In cricket, it’s very important to shift you focus at the right time to be successful.
What are the keys areas of focus for a batsman?
You check the score board, then take guard. Look around to the field set up. Check the gaps.
Moving ahead, as soon as the bowlers starts to run up the batsman can have thoughts like, where the bowler will pitch the ball, how much is it swinging and what shot should be played.
So, now the question is, how to focus?
Broad to narrow focus
Broad focus is gathering information from surroundings. Narrow focus is focusing on one important and centre point of your work.
Broad focus - for a batsman - is the score, what is the field set up, how to take a run from the next delivery.
As soon as bowler starts his run up then your focus shifts from broad focus to narrow focus. At this time your only work is to gather information about the delivery from the cues he can get from bowlers run up, jump, loading and finally release.
External to internal focus
The direction of the focus can also be changed from external to internal.
You can have your thinking about the delivery or the kind of feedback you got about the bowler and to shift it to into external focus by seeing the different situation of the surroundings like pitch’s behaviour or the weather conditions.
For the bowler, the internal focus is preparing to bowl: how they will deliver the ball to this batsman or where to pitch. Then, after the delivery, changing the focus to external: how the batsman will react to this ball, will it be a wicket taking delivery or going for runs.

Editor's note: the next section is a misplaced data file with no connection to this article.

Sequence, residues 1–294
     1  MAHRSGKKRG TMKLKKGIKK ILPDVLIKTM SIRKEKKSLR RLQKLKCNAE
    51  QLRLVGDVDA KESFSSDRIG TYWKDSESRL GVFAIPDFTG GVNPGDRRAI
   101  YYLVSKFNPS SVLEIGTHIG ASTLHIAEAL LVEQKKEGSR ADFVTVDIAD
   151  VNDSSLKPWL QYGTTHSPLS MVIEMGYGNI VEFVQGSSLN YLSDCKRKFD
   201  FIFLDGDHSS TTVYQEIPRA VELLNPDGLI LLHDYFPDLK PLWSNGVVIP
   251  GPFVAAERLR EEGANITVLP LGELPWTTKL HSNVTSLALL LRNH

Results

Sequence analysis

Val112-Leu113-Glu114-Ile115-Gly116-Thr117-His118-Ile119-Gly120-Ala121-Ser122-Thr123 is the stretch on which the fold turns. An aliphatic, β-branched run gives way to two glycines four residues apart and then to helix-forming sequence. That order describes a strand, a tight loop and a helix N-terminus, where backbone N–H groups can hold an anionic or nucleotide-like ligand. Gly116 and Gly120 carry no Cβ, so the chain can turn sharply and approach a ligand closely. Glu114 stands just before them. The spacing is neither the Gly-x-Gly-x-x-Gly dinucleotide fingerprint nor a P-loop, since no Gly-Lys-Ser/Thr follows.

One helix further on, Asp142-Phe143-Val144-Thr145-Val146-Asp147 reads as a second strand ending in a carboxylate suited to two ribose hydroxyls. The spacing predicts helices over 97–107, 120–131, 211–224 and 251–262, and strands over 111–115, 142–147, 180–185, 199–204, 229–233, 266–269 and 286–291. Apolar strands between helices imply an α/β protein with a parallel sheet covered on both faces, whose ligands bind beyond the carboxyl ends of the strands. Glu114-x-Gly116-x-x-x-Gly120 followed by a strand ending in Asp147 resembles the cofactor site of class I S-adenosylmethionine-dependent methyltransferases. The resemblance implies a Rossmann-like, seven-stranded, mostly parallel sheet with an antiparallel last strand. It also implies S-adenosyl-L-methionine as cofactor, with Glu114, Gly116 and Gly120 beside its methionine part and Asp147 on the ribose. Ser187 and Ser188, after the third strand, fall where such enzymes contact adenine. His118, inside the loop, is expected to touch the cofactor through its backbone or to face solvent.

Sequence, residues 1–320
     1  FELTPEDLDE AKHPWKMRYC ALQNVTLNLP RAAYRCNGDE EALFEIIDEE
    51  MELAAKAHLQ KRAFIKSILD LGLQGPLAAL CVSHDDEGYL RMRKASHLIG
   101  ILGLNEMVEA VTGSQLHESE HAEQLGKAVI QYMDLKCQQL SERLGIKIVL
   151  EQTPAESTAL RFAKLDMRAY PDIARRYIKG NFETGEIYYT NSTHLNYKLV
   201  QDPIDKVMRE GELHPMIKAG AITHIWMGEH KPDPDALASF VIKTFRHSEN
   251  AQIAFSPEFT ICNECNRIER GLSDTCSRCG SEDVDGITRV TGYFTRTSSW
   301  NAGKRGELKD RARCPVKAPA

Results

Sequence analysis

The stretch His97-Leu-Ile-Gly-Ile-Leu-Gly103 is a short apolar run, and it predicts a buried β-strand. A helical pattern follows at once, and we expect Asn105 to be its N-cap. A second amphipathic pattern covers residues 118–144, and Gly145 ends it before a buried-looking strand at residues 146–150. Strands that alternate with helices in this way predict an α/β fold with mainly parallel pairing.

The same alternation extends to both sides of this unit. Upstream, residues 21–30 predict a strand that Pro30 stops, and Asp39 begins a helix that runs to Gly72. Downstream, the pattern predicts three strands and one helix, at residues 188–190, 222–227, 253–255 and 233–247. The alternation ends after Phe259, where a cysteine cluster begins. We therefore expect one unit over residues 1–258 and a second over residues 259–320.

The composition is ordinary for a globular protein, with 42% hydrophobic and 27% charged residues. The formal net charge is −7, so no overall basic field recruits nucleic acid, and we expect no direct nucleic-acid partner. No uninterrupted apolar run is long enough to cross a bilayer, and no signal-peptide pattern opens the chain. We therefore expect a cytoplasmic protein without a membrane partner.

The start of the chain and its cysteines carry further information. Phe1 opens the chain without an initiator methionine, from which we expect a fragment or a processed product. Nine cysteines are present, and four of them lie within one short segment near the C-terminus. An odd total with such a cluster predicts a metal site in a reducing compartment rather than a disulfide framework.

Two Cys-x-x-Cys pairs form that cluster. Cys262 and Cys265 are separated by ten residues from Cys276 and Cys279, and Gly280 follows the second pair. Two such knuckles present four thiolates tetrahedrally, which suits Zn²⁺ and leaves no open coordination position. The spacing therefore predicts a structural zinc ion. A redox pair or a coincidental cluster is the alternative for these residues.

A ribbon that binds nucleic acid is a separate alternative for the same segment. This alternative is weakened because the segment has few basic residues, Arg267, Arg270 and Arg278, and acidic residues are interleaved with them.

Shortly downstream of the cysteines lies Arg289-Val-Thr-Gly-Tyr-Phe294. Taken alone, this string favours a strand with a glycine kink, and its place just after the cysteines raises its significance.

Weak focus to intense focus
During weak focus we have no thoughts in mind. Then, the next moment, we have to shift it to intense focus where we have to be very attentive. So, this shift of focus is vital and difficult.
For example, for wicket keepers the weak focus moments are when bowlers are walking back to the mark. Intense focus for the wicket keepers starts when bowler starts to run up until the ball comes into the hands. If at any point focus is weak when it should be intense, you risk performing badly.
With this kind of focus, the chances of mental fatigue are high. We deal with it by using “Switch on” and “Switch Off” modes.
How to improve focus
During practice sessions, use match-like situations that focuses on mental skills.
Coaches should allow players to be tired and play, make decisions and even mistakes. Confident coaches will sit back and observe during this kind of practice session. The key is for players to reflect on and learn from such sessions rather than just have mistakes pointed out and mindlessly corrected. Then you will develop as an intelligent cricketer, not just a skilled cricketer.
With this in mind, here are key questions to ask,
- What are the things to focus on the most, and what should be the duration of focus?
- What is the shift of focus; broad to narrow, internal to external, weak to intense? Learning how to shift focus will give you a great advantage towards mastering the game.
- What are the cues given by the batsman or bowlers?
- How can you practice to learn to shift focus from broad to narrow, internal to external and weak to intense?
Answer these questions and you will have good mental control during difficult and pressurised situations. This kind of art of shifting focus is very difficult to master but will take you to the next level.
Khyati Gulani is an ex-cricketer now coaching state and academy cricket in Delhi.